Heat Wave Puts Spotlight on Proper Storage of Disposable Gloves

The recent heat wave in the U.S. West puts a spotlight on proper storage of disposable gloves.

Whew. What a scorching weekend.

Folks on the U.S. West Coast, especially in the Pacific Northwest, have been suffering through unprecedented heat. Temperatures are expected to remain somewhere between miserable and dangerous through the week. Triple-digit highs and unusually warm nights have tested everyone’s patience (and the electrical grid as well).

If you sell disposable gloves for a living, you should be aware of the havoc that heat can wreak upon your inventory.

Gloves are meant to be stored at temperatures lower than 40 degrees Celsius—that’s 104 degrees Fahrenheit. The preferred range is between 50 and 72 F. If your warehouse is air conditioned and of modest size, your product should be safe. But with this kind of sustained heat, and if you have a cavernous warehouse that must be cooled, the chances of unintentionally high indoor temperatures rise greatly.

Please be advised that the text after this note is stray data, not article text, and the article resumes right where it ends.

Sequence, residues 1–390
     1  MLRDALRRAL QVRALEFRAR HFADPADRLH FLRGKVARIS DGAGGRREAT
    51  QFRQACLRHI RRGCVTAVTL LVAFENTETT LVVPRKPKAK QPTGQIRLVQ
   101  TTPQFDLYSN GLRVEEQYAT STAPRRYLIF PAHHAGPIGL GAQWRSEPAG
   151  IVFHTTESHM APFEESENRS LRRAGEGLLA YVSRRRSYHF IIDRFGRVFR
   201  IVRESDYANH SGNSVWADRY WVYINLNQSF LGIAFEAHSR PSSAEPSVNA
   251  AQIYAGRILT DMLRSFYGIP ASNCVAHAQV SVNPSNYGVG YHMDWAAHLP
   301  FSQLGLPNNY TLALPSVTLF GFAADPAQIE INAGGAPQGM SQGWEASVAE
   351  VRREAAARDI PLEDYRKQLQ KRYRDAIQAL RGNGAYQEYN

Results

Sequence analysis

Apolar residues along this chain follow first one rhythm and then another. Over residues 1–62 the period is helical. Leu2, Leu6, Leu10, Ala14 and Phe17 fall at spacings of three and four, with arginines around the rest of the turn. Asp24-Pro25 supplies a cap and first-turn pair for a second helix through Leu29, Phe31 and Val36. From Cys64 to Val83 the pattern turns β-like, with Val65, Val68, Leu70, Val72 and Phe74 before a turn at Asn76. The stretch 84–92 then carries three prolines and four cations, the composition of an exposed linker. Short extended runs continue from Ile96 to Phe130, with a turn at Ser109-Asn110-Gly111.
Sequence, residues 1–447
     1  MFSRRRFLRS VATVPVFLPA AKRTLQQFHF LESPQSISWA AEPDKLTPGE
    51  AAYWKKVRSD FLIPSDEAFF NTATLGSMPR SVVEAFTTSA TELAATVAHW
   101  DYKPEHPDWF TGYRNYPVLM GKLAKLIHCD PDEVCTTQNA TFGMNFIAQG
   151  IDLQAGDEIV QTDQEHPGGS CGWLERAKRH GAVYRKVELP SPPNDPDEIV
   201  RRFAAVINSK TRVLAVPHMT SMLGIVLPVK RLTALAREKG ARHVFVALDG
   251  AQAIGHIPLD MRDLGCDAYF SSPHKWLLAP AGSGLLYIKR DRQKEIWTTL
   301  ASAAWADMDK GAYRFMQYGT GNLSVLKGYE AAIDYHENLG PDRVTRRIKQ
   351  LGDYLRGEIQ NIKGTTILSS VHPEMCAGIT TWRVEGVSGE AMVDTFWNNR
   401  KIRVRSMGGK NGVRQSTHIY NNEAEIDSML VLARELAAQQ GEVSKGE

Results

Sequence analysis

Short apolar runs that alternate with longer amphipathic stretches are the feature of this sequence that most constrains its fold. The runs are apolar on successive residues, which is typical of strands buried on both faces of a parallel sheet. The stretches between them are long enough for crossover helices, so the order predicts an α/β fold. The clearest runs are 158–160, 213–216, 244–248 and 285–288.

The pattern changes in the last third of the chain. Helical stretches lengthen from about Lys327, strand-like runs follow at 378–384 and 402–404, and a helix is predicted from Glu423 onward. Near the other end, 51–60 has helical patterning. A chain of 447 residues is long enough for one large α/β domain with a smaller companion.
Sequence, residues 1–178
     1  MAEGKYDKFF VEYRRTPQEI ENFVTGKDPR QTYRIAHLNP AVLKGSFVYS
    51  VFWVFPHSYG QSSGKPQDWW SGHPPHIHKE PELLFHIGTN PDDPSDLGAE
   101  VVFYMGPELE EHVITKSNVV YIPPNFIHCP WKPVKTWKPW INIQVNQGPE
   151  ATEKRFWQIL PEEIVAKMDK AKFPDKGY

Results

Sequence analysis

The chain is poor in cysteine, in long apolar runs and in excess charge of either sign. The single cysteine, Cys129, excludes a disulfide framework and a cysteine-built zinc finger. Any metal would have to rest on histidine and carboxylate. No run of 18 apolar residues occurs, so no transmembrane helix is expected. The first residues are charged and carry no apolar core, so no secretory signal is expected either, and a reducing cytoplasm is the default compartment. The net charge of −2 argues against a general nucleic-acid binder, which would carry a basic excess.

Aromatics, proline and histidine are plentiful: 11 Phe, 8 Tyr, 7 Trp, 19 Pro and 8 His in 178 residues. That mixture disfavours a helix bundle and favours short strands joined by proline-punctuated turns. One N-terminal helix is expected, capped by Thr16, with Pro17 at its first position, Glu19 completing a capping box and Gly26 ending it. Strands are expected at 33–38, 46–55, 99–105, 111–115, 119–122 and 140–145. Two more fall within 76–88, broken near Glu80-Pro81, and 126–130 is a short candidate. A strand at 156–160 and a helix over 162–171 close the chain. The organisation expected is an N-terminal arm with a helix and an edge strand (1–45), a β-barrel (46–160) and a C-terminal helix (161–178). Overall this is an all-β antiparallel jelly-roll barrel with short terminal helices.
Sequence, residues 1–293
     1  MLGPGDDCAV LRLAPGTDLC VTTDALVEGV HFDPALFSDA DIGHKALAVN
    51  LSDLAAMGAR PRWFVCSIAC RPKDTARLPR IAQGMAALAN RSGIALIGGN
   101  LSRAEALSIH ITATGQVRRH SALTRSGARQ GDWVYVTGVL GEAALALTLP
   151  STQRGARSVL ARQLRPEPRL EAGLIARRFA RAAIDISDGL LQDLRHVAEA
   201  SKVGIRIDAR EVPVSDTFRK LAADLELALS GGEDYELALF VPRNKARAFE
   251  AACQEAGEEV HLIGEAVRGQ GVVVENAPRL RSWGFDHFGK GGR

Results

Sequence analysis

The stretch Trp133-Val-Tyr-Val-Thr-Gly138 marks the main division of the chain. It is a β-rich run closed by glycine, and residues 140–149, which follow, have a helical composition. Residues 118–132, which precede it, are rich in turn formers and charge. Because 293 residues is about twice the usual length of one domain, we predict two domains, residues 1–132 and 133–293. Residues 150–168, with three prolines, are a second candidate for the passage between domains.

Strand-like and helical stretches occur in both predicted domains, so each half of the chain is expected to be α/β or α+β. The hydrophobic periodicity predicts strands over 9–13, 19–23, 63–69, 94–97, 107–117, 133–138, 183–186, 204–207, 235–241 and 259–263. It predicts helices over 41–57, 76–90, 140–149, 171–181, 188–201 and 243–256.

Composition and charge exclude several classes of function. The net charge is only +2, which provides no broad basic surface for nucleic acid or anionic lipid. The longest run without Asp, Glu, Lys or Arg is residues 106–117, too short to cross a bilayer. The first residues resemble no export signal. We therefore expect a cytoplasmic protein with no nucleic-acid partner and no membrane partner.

Turn down lights, set the thermostat lower

It is imperative to store your disposable nitrile and latex gloves in a space that is cool and dark. If stored properly, latex gloves have a shelf life of about three years, while nitrile, vinyl, and poly gloves are generally safe for five years.

Other helpful reminders: Remove shrink wrap from pallets of stacked cartons; break apart stacked cartons on each pallet and restack or reconfigure cartons to facilitate ventilation; check gloves periodically for signs of deterioration like tackiness, brittleness, or an acrid smell; and shield gloves from exposure to moisture, direct sunlight, ultraviolet light, x-ray machines, and other sources of ozone.

That ozone is just plain nasty stuff

Even low levels of UV from fluorescent lights can affect the characteristics of gloves. Ozone gas can penetrate glove packaging and damage gloves in the box. Ozone sources include electric motors, furnaces, air conditioners, fans, and other electric motorized devices. Also included are high-energy sources, such as fluorescent light transformers, arcing equipment, electrocautery units, and spark generators.

With most of the forecast models predicting a hotter-than-normal summer ahead for a good chunk of the country, it’s a good time to check your warehouse HVAC system and make sure your valuable glove inventory is stored safely.

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